61st Civil Engineers ‘Bring the Heat’ in Week-Long Exercise at March Air Reserve Base

  • Published
  • By 1st Lt Katelin Robinson
  • Space Base Delta 3

It was a toasty 94-degree Southern California day when Space Base Delta 3 leadership decided to hit the road up to March Air Reserve Base to visit our 61st Civil Engineer and Logistics Squadron members while they took part in a week-long regional training exercise July 24-28, 2023.

Col. Mia Walsh, SBD 3 commander, Lt. Col. Brian Vance, SBD 3 vice commander, and SBD 3 First Sergeant, Master Sgt. Edward Caldwell were greeted by Capt. Timothy Moffett, operations flight commander, and Capt. Colin Mitchell, operations engineering chief, both from the 61st CELS who were in MOPP 2 gear, and served as exercise commanders as well as tour guides for the command team visit.

The training center at March ARB is one of only five Total Force Civil Engineer training sites in the country and is the only training site on the West Coast. Led by Senior Master Sgt. Reuben Dominguez, 163rd Training Regional Squadron superintendent, the instructor team consists of seven members who run 26 classes per year. The location is used to mimic an austere deployed environment and allows civil engineers the ability to refine their skills building a bare base as well as honing their Rapid Airfield Damage Repair expertise.

Seven CE Air Force Specialty Codes, or jobs, are instructed on during the course to include: Electrical Systems; Electric Power Production; Heating, Ventilation, Air Conditioning and Refrigeration; Pavements and Construction Equipment; Structural; Liquid Fuel Systems Maintenance; Engineering; and Explosive Ordnance Disposal. Albeit not the most glamorous jobs in the Air Force, with unofficial titles like ‘Dirt Boys,’ and wartime/contingency mobile teams affectionately titled Prime BEEF, these jobs are key to not only erecting and maintaining required infrastructure to sustain operations but to repair damage in the event of a major attack.

“The two main priorities when creating a bare base are to ensure we have water and an airfield,” explained 1st Lt. Ross Lunsford, chief of operations and engineering, Space Launch Delta 30, while simultaneously explaining the very elaborate Reverse Osmosis Water Purification Unit, which creates potable water for the base. He also described the value of this exercise, “It gives our troops invaluable hands-on training in building shelters, establishing utilities and working in contingency operations, which ultimately prepares them for the two-week Silver Flag course.”

Establishing an airfield and making certain it can be repaired when damaged is another vital component to building a bare base. The ability to conduct uncontested aerial warfare and airlift operations close to the theatre of operations has become increasingly difficult due to adversary long range offensive capabilities. These capabilities along with anti-access area denial weapon usage requires our CE Airmen to be experts in Rapid Airfield Damage Repair. RADR is an essential element of enabling air base resiliency and continuation of operations after an attack and can be conducted under multiple conditions including, extreme weather, chemical, biological, radiological, and degraded environments. This ability ensures the rapid projection and application of US military power around the globe.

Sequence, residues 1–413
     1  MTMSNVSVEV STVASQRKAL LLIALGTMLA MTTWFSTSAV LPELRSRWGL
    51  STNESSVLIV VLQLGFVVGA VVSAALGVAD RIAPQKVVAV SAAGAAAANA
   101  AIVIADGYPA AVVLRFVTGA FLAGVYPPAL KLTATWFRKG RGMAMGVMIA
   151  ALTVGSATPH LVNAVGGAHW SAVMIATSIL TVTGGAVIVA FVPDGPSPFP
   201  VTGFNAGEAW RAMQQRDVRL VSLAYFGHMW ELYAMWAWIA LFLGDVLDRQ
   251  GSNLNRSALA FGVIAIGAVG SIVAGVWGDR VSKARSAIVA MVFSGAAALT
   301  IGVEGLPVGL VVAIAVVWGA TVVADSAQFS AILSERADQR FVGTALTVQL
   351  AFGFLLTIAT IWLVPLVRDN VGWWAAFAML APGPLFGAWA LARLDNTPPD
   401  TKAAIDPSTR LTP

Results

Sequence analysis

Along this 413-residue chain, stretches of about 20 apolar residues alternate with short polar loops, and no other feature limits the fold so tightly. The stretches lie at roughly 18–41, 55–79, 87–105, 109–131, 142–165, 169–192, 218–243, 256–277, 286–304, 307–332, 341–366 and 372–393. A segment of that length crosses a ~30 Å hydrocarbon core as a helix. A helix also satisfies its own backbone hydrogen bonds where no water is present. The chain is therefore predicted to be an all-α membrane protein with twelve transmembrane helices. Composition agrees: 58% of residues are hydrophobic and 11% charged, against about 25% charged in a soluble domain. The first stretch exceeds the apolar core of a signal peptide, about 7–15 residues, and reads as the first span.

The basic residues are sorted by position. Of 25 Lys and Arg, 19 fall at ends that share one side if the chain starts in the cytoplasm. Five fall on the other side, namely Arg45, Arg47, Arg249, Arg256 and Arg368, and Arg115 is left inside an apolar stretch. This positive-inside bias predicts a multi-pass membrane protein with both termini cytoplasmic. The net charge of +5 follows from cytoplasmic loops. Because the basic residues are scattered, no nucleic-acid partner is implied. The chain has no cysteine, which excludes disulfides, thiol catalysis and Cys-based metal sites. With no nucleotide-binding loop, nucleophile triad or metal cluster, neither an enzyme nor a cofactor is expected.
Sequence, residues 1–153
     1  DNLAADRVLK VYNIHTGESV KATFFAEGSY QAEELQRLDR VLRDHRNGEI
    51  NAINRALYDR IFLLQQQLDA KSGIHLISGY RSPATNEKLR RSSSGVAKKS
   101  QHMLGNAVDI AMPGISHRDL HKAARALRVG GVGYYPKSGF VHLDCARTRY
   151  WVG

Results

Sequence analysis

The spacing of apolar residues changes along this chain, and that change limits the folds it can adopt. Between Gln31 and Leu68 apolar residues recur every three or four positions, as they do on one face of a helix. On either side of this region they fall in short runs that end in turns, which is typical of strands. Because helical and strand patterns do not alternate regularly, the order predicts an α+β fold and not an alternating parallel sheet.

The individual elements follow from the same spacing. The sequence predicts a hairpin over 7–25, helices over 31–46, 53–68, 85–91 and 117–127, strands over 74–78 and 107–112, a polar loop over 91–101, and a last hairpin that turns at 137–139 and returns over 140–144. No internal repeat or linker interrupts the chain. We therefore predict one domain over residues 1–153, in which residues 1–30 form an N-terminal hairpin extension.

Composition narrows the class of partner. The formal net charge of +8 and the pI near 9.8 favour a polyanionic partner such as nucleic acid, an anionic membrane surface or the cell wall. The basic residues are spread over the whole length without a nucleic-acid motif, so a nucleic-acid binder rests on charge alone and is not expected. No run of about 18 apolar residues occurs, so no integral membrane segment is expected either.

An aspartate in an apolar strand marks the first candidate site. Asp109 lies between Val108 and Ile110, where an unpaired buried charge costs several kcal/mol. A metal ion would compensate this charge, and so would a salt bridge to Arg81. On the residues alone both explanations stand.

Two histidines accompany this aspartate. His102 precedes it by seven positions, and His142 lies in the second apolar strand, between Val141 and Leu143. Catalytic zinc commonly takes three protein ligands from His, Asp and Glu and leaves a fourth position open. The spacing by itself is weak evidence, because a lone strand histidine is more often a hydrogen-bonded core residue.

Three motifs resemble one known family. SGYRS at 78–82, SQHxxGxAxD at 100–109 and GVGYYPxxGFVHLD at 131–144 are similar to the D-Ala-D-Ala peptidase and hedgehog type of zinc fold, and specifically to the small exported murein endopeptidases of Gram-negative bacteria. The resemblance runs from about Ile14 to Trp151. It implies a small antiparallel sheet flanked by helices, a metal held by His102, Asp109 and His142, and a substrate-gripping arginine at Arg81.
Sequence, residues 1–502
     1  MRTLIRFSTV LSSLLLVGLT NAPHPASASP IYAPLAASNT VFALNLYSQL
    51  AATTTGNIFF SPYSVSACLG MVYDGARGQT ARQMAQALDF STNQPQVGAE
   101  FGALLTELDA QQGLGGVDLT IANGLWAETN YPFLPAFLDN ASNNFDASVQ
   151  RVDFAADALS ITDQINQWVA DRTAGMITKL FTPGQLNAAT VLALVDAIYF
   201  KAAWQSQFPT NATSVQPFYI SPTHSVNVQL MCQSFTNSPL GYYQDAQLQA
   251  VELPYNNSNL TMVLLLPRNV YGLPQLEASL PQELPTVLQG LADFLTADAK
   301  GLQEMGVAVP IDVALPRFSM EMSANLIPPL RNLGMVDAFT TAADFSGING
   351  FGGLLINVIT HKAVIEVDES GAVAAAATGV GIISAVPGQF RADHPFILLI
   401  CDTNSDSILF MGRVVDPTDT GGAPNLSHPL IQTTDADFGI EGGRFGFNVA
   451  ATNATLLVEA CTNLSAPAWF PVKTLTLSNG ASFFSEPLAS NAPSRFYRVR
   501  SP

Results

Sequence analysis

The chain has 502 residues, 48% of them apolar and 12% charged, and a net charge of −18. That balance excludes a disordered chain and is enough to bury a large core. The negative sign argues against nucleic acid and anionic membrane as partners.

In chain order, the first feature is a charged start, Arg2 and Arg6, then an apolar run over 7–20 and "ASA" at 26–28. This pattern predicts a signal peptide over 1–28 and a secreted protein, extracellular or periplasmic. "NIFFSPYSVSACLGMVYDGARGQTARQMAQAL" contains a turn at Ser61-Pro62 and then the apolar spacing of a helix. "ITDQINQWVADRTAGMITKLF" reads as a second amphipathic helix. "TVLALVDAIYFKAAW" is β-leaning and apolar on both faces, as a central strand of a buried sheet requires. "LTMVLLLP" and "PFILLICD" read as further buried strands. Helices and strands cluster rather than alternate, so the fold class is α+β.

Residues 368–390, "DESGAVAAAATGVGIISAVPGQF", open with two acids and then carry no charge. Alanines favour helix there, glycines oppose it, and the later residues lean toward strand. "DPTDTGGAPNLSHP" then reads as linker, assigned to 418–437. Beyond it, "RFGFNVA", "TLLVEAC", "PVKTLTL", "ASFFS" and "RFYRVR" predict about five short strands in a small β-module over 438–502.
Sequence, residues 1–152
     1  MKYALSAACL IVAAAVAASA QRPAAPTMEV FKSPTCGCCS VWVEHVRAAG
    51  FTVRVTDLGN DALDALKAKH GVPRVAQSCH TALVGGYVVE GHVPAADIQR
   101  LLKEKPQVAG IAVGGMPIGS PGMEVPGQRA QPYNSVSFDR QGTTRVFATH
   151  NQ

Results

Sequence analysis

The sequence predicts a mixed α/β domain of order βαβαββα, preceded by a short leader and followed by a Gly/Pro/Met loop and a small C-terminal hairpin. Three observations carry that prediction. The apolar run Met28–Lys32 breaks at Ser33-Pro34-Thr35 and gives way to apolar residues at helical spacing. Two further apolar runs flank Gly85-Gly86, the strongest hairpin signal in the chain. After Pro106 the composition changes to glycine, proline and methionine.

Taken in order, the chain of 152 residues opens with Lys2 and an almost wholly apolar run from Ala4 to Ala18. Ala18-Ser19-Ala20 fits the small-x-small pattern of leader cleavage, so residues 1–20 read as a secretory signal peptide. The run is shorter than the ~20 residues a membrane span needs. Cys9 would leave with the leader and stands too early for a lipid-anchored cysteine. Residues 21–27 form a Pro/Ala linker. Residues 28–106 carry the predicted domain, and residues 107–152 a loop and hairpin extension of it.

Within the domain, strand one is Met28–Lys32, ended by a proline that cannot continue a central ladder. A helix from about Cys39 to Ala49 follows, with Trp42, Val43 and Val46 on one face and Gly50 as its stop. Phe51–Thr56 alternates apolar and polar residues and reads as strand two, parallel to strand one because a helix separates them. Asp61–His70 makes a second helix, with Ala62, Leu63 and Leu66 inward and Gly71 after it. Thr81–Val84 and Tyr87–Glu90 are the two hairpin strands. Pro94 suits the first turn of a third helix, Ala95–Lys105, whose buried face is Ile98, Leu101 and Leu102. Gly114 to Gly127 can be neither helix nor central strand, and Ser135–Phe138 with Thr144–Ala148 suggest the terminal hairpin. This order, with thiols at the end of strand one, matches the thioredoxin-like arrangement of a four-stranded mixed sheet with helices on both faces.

Staff Sgt. British Moore, logistics planner, 61st CELS is typically behind a computer ordering materials, equipment, and resources for her CE teams, however, for the exercise she took a more hands on approach to learning exactly how her maneuvers behind the screen equate to tremendous impacts on the ground.

“Being apart of this exercise and actually seeing the equipment I order gives me a greater perspective on just how much CE does,” expressed Moore, who was coined by the SBD 3 First Sergeant for not only stepping out of her comfort zone but for being proactive in learning everything she can to assist the team, including MOPP’ing up.

During the exercise, Moore supported the Mobile Aircraft Arresting System which is responsible for catching airplanes coming in too fast to ensure a safe landing. The MAAS system contains multiple configurations which allows it to be set up on various surfaces. “I have a greater appreciation for the different jobs our CE members have and understand how the equipment and materials I order impact the larger operation. Each component matters,” said Moore. 

The command team transitioned to lunch with the Airmen in the portable dining facility, adorned with camouflage mesh netting to continue the feeling of simulated deployment. Walsh described how impressed she was with the multitude of jobs CE does and the importance of this refresher training. 

Moffett echoed the importance of this training week, “This has been a great experience for our Airmen who aren’t conducting tactical and operational jobs like this day-to-day,” he said. “It’s also been a wonderful chance to collaborate with our CELS counterparts from Vandenberg Space Force Base and find opportunities for future collaboration and training initiatives.”

Check out more pictures from the week here: https://flic.kr/s/aHBqjAPAtH